Summary
  • Introduction:

    Summarization is the task of condensing a piece of text to a shorter version that contains the main information from the original.
  • There are two broad approaches to summarization: extractive and abstractive.
  • The extractive approach is easier, because copying large chunks of text from the source document ensures baseline levels of grammaticality and accuracy.
  • Due to the difficulty of abstractive summarization, the great majority of past work has been extractive (Kupiec et al, 1995; Paice, 1990; Saggion and Poibeau, 2013).
  • Methods:

    The authors' model has 256dimensional hidden states and 128-dimensional word embeddings.
  • For the pointer-generator models, the authors use a vocabulary of 50k words for both source and target – note that due to the pointer network’s ability to handle OOV words, the authors can use.
  • Note that the pointer and the coverage mechanism introduce very few additional parameters to the network: for the models with vocabulary size 50k, the baseline model has 21,499,600 parameters, the pointer-generator adds 1153 extra parameters, and coverage adds 512 extra parameters.
  • The authors use loss on the validation set to implement early stopping
  • Results:

    6.1 Preliminaries

    The authors' results are given in Table 1.
  • The authors evaluate the models with the standard ROUGE metric (Lin, 2004b), reporting the F1 scores for ROUGE1, ROUGE-2 and ROUGE-L.
  • The authors evaluate with the METEOR metric (Denkowski and Lavie, 2014), both in exact match mode and full mode.5.
  • In addition to the own models, the authors report the lead-3 baseline, and compare to the only existing abstractive (Nallapati et al, 2016) and extractive (Nallapati et al, 2017) models on the full dataset.
  • The output of the models is available online.6
  • Conclusion:

    7.1 Comparison with extractive systems
  • It is clear from Table 1 that extractive systems tend to achieve higher ROUGE scores than abstractive, and that the extractive lead-3 baseline is extremely strong.
  • Smugglers profit from desperate migrants is a valid alternative abstractive summary for the first example in Figure 5, but it scores 0 ROUGE with respect to the reference summary.
  • The authors' model exhibits many abstractive abilities, but attaining higher levels of abstraction remains an open research question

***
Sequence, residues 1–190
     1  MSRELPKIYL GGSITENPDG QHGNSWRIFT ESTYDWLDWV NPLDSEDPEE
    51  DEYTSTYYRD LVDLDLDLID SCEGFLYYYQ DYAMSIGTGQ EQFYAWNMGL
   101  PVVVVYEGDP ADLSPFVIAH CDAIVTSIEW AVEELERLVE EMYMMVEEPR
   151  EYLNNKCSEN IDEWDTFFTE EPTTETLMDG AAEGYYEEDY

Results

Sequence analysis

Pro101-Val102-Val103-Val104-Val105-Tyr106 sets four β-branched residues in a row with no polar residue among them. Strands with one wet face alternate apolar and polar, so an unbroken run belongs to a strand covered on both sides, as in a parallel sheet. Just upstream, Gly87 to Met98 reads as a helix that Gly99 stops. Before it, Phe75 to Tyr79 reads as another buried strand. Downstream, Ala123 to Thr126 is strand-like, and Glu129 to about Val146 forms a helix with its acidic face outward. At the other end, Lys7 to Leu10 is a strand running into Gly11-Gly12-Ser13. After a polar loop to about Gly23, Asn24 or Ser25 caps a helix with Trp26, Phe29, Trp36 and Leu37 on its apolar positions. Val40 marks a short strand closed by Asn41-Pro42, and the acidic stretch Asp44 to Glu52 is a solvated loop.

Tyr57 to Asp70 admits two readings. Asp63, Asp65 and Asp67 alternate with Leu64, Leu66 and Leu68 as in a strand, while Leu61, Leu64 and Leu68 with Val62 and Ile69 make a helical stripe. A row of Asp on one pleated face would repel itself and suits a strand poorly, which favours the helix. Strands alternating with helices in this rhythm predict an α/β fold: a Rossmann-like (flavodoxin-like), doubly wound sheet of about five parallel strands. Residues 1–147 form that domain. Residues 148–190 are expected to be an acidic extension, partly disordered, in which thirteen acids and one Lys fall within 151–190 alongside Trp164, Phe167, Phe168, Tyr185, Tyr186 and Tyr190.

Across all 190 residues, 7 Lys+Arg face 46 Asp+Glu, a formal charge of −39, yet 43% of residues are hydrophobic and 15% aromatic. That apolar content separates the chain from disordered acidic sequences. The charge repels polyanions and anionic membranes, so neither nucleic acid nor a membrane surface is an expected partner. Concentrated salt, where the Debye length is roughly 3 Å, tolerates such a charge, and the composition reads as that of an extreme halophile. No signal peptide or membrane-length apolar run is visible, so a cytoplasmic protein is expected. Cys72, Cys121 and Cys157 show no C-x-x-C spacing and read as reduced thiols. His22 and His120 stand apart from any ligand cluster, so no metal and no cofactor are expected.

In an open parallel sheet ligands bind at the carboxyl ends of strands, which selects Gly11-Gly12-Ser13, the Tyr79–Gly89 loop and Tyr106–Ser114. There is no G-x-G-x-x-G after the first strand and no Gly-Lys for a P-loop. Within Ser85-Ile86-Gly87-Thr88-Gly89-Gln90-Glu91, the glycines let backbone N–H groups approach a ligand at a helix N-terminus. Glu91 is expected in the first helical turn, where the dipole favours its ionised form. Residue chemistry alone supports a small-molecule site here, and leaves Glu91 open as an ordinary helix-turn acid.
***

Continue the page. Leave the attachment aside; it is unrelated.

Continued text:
Tables
  • Table1: ROUGE F1 and METEOR scores on the test set. Models and baselines in the top half are abstractive, while those in the bottom half are extractive. Those marked with * were trained and evaluated on the anonymized dataset, and so are not strictly comparable to our results on the original text. All our ROUGE scores have a 95% confidence interval of at most ±0.25 as reported by the official ROUGE script. The METEOR improvement from the 50k baseline to the pointer-generator model, and from the pointer-generator to the pointer-generator+coverage model, were both found to be statistically significant using an approximate randomization test with p < 0.01
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Related work
  • Neural abstractive summarization. Rush et al (2015) were the first to apply modern neural networks to abstractive text summarization, achieving state-of-the-art performance on DUC-2004 and Gigaword, two sentence-level summarization datasets. Their approach, which is centered on the attention mechanism, has been augmented with recurrent decoders (Chopra et al, 2016), Abstract Meaning Representations (Takase et al, 2016), hierarchical networks (Nallapati et al, 2016), variational autoencoders (Miao and Blunsom, 2016), and direct optimization of the performance metric (Ranzato et al, 2016), further improving performance on those datasets.

    However, large-scale datasets for summarization of longer text are rare. Nallapati et al (2016) adapted the DeepMind question-answering dataset (Hermann et al, 2015) for summarization, resulting in the CNN/Daily Mail dataset, and provided the first abstractive baselines. The same authors then published a neural extractive approach (Nallapati et al, 2017), which uses hierarchical RNNs to select sentences, and found that it significantly outperformed their abstractive result with respect to the ROUGE metric. To our knowledge, these are the only two published results on the full dataset.
Funding
  • Stanford University gratefully acknowledges the support of the DARPA DEFT Program AFRL contract no